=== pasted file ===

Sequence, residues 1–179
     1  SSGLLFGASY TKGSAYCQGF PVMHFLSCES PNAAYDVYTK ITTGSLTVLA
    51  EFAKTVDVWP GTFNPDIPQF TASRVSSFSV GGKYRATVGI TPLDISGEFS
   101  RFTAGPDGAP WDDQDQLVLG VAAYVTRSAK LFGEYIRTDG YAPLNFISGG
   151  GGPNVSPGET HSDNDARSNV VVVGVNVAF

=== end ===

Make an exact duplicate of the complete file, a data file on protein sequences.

Sequence, residues 1–179
     1  SSGLLFGASY TKGSAYCQGF PVMHFLSCES PNAAYDVYTK ITTGSLTVLA
    51  EFAKTVDVWP GTFNPDIPQF TASRVSSFSV GGKYRATVGI TPLDISGEFS
   101  RFTAGPDGAP WDDQDQLVLG VAAYVTRSAK LFGEYIRTDG YAPLNFISGG
   151  GGPNVSPGET HSDNDARSNV VVVGVNVAF